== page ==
at work can help you effectively streamline many processes we tackle every day. For example, as work processes become increasingly complex and demanding, the need for seamless collaboration is becoming more important. More and more companies are finding that the innovative internal use of social media tools is enabling them to work in more productive and collaborative ways than they ever did before.
How many companies are using social media tools already? And what tools are they using? McKinsey Quarterly has posted an interesting series of cuts on the data theyâ€™ve gathered about corporate use of social media tools on their site Business and Web 2.0: An Interactive Feature. In this example, they examine which social media tools companies are most readily adopting and using internally to facilitate collaboration:
Business and Web 2.0: An Interactive Feature http://tinyurl.com/mckinsey-web-tools
Before the use of social media folders, which can only be in one shared, and organized on the became so widespread, our set of hands at a time, can be web, accessible from anywhere workplace collaboration misplaced, and can only be shared by computer or mobile device, often depended on one-one easily over short distances. Why facilitating easy collaboration communication of circulating keep a file or idea on paper when among even distant coworkers. emails and file Email isn’t a technology that supports collaboration. Web-based folders. Email tools are It’s static, messy, and difficult to organize. isn’t a technology normally cheap, that supports collaboration – it’s it can be seen and manipulated by if not free, and because they static, messy, and difficult to many in digital form? store data within a database, organize. Using back‑and-forth the content you create is Web-based social media tools emails for collaborative work searchable, and can easily be are portable, personalized, often results in the creation of organized and archived. and participatory. They multiple versions of the same allow for much more The first step is understanding document, file organization efficient communication and which tools will best fit your hassles, and general confusion. organization. Files and ideas tasks and needs. The solution is definitely not to can be created, manipulated, retreat to passing around file
The Tools By breaking down the social Each tool offers a unique utility identifying and recruiting talent, media we’re most familiar with that may facilitate social use of enhancing company culture, into the distinct components the site, but can also powerfully and training. Making the perfect they bring together, we can address work needs as well. match takes some understanding start to see Making the perfect match takes some understanding how these tools of how each of these social media tools function. could be used at work. Flickr is an image gallery, of how each of these social media These social media tools can Wikipedia is obviously a wiki, tools function. increase the efficiency of and YouTube an image gallery of many professional processes, videos. Facebook incorporates from fostering collaboration a few tools: a blog, a forum, an and managing knowledge, to image gallery, webmail, and a developing products and services, content management system.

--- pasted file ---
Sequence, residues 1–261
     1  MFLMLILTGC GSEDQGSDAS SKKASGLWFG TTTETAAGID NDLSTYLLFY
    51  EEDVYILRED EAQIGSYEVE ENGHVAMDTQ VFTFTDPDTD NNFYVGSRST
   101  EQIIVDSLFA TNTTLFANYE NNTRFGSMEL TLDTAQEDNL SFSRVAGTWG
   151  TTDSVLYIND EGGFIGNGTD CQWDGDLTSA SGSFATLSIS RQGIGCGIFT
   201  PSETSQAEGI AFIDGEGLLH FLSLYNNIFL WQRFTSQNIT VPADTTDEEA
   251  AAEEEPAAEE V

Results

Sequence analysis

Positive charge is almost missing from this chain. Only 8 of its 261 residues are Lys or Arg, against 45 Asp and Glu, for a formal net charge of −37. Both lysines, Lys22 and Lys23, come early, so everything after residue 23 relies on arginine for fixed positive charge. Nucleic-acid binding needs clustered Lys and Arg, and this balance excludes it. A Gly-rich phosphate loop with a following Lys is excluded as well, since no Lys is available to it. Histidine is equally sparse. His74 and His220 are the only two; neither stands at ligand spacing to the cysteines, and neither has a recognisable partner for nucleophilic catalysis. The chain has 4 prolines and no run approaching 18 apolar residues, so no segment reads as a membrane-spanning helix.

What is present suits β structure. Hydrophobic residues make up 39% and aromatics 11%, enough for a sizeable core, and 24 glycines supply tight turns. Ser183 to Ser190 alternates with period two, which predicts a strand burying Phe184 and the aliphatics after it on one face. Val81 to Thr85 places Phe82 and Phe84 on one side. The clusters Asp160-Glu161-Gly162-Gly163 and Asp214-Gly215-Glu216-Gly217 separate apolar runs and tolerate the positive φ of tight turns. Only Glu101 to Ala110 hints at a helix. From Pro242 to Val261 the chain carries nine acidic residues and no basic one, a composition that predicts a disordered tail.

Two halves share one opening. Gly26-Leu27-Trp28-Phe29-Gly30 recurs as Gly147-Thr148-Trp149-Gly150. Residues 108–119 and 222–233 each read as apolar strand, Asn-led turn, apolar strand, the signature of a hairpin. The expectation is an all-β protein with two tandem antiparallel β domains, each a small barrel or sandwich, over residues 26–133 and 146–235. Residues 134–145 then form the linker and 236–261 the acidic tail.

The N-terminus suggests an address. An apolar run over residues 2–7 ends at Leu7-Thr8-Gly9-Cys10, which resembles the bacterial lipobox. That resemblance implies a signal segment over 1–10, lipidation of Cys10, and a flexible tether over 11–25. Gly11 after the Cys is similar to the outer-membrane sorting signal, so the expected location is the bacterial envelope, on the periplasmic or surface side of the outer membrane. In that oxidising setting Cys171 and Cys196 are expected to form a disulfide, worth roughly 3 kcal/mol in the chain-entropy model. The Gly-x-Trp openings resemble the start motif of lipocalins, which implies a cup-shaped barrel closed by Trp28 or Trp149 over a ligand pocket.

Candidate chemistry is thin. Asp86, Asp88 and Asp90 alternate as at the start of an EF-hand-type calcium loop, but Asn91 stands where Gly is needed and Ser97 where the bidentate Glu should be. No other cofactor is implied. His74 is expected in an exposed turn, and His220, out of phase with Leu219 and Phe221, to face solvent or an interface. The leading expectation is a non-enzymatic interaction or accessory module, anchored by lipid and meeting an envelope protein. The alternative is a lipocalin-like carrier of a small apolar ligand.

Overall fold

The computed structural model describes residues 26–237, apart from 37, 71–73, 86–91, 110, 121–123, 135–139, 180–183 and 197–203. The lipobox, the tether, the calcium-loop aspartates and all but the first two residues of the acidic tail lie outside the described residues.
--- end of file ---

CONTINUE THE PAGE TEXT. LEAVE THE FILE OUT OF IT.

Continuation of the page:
Blog The blog is one of the simplest social tools, comprised of forms working in the background to push content to a web page. The newest content is posted at the top, and each new posting is identified with a title, an author, body content, and a time/ date stamp. Every time a post is submitted, a link is created in an organized way and posted to a visible menu on the web page. Blogs include a search function to locate posts by using terms within the blog’s content, or search tags and/or categories the author has assigned. In standard blogs, a single author regularly posts content, and readers can then comment on the posts.
When is one-way communication with commenting needed in the workplace? CEOs are increasingly blogging about large-scale company happenings, news, and special reports. IT departments can post regular updates and announcements regarding computer systems and servers. Departments can share information that had traditionally remained silo-ed across multiple departments and locations throughout the world.
Wiki The wiki is a content management system, which uses many forms to post to the web. One of the differences between a wiki and a blog is the way in which pages are organized. Unlike blogs, wikis are formatted like a standard web site, using a navigational system to sort pages or menus. Users decide how the pages are organized and linked. The pages on a wiki can be manipulated by many, so content can be maintained by a group of users, and the application keeps track of who has made changes, to what content, and when. Wikis enable companies an easy way to organize and format a large amount of data. A company’s knowledge base could easily be
organized into problem/solution pairs, and widely-accessed information like project management documentation, staff information, or FAQs could be accessed easily throughout the organization. Any ‘how to’ documentation can be posted within a wiki, with links and images included. Most importantly, wikis keep rapidly- and continuallychanging documentation up-to-date over time, so users throughout a company can use the search function to scan all of the content within wiki postings and access information based on relevance.
Forum A forum is similar to a blog, but offers a more conversational format that involves many contributors. As in a blog, postings are arranged by date with the newest ones visible at the top, and an organized digital version of each userâ€™s contribution is maintained. The content of forum postings are searchable as well.